Pentagon spy agency could soon welcome first female chief
If Legere is nominated and confirmed, she would become the first female head of the DIA, and thus would “become one of the most powerful women in both the intelligence community and the US military,”Foreign Policy reported. “It would also leave her poised to one day ascend to an even more prestigious post.”
Foreign Policy believes the prestigious post would make her a “natural candidate” to eventually become the head of the National Security Agency, saying her resume is “practically a carbon copy of the agency's previous chief, Gen. Keith Alexander – and there's precedent for a DIA director finishing up his military career with a final turn at the NSA.”
But first Legere needs to be confirmed by Congress – and that’s not a sure bet. Even without an official nomination, there is opposition to her candidacy.
Rep. Duncan Hunter (R-Calif.), a former Marine, sent a letter to Defense Secretary Chuck Hagel and Director of National Intelligence James Clapper voicing “significant concerns” about Legere's potential selection.
“It is my belief that Lt. Gen. Legere...holds principal responsibility for failing to deliver urgent capabilities to the warfighter and overseeing initiatives that have repeatedly failed to meet budget and schedule requirements,” Hunter wrote, referring to the Army's Distributed Common Ground System program, which would provide Army-developed cloud capability to troops. He is also opposing the selection of Maj. Gen Stephen Fogarty, commanding general of US Army Intelligence, for the same position, the Blaze reported.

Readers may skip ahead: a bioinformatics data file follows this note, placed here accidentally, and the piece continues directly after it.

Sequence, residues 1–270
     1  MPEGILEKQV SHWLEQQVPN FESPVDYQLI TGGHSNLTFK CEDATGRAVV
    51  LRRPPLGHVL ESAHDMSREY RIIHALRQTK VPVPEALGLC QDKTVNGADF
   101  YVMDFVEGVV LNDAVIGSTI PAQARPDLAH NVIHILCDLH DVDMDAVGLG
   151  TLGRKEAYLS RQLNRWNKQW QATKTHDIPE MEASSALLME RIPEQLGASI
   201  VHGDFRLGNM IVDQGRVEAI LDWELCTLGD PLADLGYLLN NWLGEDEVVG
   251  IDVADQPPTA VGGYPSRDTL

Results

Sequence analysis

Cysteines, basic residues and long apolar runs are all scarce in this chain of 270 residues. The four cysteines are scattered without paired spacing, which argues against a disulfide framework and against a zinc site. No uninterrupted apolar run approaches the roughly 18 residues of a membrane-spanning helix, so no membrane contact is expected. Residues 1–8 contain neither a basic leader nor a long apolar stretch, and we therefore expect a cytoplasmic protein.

“In order to prevent even more costly failures in the future, the Administration must hold leaders accountable. When it comes to the safety of our men and women in uniform, we must never reward failure with promotion,” Hunter continued. “Accordingly, I believe Lt. Gen. Legere and Maj. Gen. Fogarty should not be considered for higher levels of responsibility.”
Legere’s career began as a member of the Army ROTC program at the University of New Hampshire. After she graduated in 1982, she became a platoon leader with a military intelligence battalion, according to Foreign Policy. She served in intelligence posts in Germany and South Korea, as well as multiple tours at the Pentagon. She also served as a senior intelligence leader in Iraq in 2008.
"She's a visionary leader, not only great at being an intelligence officer but also focused on how to efficiently manager manpower and resources," Terry Roberts, a former deputy director of naval intelligence who served in South Korea with Legere, told Foreign Policy.
The position will open in the fall. Both the current DIA director, Lt. Gen. Michael T. Flynn, and deputy director David Shedd announced Wednesday in a joint statement that they would step down from their respective positions.